The spirit of Kellogg: teaching and research
Professor Edward Zajac
Edward Zajac, the
James F. Beré Distinguished Professor of Management and
Organizations, spoke with Kellogg World about his research.
makes Kellogg a special place for teaching and research?
What distinguishes Kellogg from other schools is that its
senior faculty is engaged in multiple fronts of activity.
We try to continue to excel on research beyond tenure. The
best researchers are those who view getting tenure as a milestone
along the intellectual journey, rather than a time for them
to shift their attention away from their research and relax.
A lot of our senior faculty, myself included, continue to
pursue our research even though tenure is now a distant memory.
I think that adding on the activities of Executive Education
and external work with outside companies, while not losing
sight of our research, is really what distinguishes Kellogg
Are there challenges in trying to maintain a balance between,
say, your primary research and participation in the activities
you just mentioned?
I've been here 15 years and there are several role models
in different departments who are really doing it the right
way. They continue to stay true to their research, but yet
add onto this work another component by talking to executives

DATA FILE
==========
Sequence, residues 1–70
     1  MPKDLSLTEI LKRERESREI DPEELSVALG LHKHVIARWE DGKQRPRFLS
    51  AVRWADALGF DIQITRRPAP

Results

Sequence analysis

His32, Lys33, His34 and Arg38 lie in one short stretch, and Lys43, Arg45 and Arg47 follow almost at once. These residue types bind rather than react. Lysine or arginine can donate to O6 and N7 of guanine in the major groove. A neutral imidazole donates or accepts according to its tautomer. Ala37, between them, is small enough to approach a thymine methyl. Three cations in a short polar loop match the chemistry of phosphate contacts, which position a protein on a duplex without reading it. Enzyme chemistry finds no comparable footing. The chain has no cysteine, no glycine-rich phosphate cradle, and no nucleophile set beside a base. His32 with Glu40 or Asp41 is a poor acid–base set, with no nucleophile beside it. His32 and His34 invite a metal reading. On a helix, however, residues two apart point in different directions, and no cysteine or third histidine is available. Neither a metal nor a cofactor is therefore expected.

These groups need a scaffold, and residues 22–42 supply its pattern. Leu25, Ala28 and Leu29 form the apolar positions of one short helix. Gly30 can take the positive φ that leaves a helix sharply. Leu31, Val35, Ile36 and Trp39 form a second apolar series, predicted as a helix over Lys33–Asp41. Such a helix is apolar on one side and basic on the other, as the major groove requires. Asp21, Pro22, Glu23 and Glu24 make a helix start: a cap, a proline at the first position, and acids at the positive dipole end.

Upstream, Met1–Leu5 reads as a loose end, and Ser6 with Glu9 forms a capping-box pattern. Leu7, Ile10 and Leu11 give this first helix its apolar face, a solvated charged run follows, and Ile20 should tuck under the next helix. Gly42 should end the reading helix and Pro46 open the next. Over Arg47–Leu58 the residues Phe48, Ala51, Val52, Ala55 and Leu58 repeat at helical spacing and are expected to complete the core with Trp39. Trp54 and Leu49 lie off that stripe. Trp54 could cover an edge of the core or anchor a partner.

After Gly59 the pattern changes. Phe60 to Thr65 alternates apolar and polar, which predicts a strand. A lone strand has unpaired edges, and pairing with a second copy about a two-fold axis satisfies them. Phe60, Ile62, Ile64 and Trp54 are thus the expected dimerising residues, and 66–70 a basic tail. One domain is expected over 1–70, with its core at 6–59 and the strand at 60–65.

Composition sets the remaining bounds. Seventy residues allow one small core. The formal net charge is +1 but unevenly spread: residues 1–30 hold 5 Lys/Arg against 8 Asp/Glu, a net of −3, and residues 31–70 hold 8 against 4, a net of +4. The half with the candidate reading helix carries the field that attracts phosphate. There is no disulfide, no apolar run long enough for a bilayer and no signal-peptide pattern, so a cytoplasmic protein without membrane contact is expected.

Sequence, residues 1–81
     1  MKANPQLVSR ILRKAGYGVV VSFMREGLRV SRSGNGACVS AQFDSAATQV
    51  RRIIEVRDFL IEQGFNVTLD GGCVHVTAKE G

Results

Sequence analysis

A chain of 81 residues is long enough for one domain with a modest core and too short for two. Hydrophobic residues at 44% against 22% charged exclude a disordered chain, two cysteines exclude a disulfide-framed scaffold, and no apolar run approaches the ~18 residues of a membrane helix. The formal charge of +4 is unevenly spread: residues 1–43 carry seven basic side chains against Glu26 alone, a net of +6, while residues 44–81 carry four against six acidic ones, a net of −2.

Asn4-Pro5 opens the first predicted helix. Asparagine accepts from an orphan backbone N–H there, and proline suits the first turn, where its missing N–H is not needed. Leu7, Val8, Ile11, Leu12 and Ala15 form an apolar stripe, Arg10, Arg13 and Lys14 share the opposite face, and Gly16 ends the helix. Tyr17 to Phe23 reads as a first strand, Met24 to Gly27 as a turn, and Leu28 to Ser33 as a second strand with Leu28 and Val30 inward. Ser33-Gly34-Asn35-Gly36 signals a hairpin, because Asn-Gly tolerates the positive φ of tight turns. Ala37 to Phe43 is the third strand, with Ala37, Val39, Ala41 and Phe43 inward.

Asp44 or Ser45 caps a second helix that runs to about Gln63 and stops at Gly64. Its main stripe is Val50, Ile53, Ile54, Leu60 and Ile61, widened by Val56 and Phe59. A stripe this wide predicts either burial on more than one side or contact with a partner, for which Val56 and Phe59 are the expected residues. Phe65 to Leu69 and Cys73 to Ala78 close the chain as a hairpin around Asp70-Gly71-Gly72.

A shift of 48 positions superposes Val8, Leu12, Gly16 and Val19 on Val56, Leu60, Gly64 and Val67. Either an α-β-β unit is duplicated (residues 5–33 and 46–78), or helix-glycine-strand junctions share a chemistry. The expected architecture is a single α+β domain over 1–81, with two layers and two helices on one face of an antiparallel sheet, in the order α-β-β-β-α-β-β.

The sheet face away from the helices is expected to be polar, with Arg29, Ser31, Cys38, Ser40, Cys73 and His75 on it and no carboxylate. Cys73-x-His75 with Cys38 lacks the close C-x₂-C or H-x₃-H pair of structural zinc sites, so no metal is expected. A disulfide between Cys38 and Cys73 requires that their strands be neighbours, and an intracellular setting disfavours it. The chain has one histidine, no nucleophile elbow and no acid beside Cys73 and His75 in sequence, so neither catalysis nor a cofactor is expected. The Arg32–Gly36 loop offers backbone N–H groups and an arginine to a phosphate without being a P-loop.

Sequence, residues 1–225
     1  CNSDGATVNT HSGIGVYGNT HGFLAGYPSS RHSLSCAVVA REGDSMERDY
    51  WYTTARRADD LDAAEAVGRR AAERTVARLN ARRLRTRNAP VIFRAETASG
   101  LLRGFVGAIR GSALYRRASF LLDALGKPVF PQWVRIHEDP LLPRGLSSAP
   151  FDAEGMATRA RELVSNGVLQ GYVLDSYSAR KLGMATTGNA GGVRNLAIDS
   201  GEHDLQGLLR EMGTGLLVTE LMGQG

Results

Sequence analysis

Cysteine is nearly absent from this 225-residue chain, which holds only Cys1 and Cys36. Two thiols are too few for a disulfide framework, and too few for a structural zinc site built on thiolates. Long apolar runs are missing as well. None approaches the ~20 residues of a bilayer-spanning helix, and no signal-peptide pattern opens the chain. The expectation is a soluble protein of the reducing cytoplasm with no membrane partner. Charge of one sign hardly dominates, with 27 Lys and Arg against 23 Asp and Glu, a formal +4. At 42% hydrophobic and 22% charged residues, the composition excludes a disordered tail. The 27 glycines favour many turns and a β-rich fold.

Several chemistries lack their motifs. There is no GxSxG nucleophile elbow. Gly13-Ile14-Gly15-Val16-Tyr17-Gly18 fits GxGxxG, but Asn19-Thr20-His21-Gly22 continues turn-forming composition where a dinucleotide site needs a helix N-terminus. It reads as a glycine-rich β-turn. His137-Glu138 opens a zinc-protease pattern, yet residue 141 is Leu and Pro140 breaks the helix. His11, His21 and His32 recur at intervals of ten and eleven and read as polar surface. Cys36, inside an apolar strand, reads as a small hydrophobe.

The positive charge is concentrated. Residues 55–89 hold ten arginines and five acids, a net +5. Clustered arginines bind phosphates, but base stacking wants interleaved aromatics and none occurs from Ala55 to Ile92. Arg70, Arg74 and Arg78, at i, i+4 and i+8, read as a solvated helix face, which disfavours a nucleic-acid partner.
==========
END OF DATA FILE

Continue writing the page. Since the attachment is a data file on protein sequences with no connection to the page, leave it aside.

at the Allen Center and participating in executive programs.
That along with the right amount of outside work -- not too
much -- makes for a very healthy mix. I really do believe
that our advantage in the Executive Education field is that
we primarily have Kellogg faculty teaching there, primarily
research-oriented Kellogg faculty.
Consulting can be a double-edged sword in terms of its
demands on your time. Yet it seems one potentially good way
for faculty to remain well grounded in both theory and practice.
Yes. When I teach executive education courses, I find that
those people really appreciate the intellectual frameworks
that are based directly or indirectly on our research. I teach
a course on alliances at the MBA level and I'm interested
in strategic alliances, but I've also worked with companies
on alliances. That experience has also informed my research
on alliances, so now I can use frameworks that I've developed
for my research with executive and MBA teaching. And my executive
teaching informs my MBA teaching, and a little bit the other
There seems to be a nice synergy operating.
Strategic alliances is an area with a lot of what I call platitudes
circulating. These are little bullet points -- find a good
partner, have top management support, things like that. If
you're a researcher you just cringe when you hear that. If
you're not a researcher maybe you think those are sensible
ideas. As a researcher you know how to separate things that
are platitudinous from things that are intellectually grounded
with some basis in research.